Intern Reflection: Logan Janicki
For my internship this summer, I researched and wrote biographies of the historical figures to be featured in this year’s Evergreen Cemetery Walk. Other museum staff had already decided who was to be featured and done preliminary research, finding as much material on each person as possible, as well as information about their family and organizations they belonged to. From there, it was my job to turn a collection of newspaper articles, census and city directory information, online articles, and copies of artifacts from the museum’s collection into a coherent story of the person’s life. Each biography presented unique challenges, as each person I wrote about had left different materials behind for me to work with. Writing the biography for Annie May Christian, for example, required I write a pretty straight chronological history, since, while she was involved with many groups around town, she was so involved with the Amateur Musical Club for so long, everything else had to fit around it in her biography. By contrast, Florence Stevens Kaywood did not have a stand-out organization or job around which to build her biography. Clearly, Christian faith was central to her, but this manifested in her getting involved with several Christian-related organizations, such as the Women’s Christian Temperance Union and the Rebekkahs (the women’s branch of the International Order of Odd Fellows). As a result, rather than structuring the biography strictly chronologically, I focused on each of the major involvements in her life, such as her job as police matron, her membership in the Women’s Christian Temperance Union, and how she stayed connected with her children as they moved out. The third biography I’ve worked on this summer, for Charles Kirkpatrick, presented its own problems, despite the wealth of sources to go on. Charles dictated a short autobiography, but was also a known eccentric, most famously writing anonymous letters to sports buffs, local notables, and newspaper sports reporters annually on the anniversary of a football injury he suffered which left him partially paralyzed, to see if anyone knew of it. Because his eccentricity, much of his own word must be verified, not because he was necessarily outright lying, but because time and the man’s own sense of humor may have resulted in some exaggerations or omissions in his retelling.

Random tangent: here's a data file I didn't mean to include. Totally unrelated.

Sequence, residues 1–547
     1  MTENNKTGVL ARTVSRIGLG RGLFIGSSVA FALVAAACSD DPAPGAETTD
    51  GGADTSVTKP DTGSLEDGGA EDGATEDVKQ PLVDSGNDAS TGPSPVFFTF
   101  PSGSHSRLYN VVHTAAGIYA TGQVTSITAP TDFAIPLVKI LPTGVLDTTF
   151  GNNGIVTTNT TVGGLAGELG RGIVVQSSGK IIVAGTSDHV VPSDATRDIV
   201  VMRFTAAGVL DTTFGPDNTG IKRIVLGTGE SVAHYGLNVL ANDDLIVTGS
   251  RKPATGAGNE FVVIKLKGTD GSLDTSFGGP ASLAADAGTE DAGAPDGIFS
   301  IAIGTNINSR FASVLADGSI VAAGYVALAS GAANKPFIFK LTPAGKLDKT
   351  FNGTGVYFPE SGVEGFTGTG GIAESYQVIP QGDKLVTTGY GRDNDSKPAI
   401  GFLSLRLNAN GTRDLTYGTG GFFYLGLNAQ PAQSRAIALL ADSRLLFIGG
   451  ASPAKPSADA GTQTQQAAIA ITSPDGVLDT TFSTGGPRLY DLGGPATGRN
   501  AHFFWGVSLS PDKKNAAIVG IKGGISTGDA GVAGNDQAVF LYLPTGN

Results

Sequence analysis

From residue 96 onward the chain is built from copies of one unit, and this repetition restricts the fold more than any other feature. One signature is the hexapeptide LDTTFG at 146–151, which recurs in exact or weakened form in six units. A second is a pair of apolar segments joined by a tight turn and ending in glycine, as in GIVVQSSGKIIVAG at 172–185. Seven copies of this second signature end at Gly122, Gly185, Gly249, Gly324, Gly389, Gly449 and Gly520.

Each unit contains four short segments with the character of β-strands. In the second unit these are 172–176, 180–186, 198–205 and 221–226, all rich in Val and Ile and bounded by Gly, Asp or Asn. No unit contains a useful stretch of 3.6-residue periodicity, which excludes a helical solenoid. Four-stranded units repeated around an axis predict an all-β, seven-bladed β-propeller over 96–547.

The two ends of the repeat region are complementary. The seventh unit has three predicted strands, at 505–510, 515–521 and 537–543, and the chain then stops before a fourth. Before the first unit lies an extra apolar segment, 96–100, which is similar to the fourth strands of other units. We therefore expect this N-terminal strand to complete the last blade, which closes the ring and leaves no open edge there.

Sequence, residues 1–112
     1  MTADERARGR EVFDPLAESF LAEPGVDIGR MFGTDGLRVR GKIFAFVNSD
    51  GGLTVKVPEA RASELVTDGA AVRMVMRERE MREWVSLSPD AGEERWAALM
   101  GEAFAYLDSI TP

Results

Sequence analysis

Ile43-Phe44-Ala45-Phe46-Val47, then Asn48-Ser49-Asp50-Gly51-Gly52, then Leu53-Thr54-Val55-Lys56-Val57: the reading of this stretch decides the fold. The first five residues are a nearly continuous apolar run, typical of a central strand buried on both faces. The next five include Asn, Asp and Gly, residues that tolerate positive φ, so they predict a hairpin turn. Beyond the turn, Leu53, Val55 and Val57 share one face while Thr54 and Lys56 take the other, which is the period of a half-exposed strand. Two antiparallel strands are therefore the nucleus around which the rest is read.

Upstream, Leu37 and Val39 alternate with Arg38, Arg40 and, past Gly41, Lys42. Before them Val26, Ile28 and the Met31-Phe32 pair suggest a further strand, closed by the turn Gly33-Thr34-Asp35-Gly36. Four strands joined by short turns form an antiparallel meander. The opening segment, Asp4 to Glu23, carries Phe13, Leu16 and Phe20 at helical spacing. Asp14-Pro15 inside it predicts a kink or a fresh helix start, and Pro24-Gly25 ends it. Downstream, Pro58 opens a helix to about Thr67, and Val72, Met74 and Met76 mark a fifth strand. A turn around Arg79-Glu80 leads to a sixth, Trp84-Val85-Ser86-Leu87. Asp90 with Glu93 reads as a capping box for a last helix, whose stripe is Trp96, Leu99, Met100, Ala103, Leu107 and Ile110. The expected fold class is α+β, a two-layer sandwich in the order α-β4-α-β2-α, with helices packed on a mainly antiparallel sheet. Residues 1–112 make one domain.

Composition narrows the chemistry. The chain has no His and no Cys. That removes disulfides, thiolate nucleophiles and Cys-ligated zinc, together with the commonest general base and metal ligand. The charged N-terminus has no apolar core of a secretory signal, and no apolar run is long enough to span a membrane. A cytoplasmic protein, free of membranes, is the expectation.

Despite the inherent challenges though, it has been fun and fascinating to dig into the local history of Bloomington. The tasks of arranging each folder of copies of old documents into a coherent and readable biography and especially tracking down information to fill in a gap in the story have been immensely rewarding and fun. Also, as someone who came here for college, doing this research at the museum has given me a new appreciation for this city and its past accomplishments, as well as one of its current ones: running such an excellent museum, day in and day out.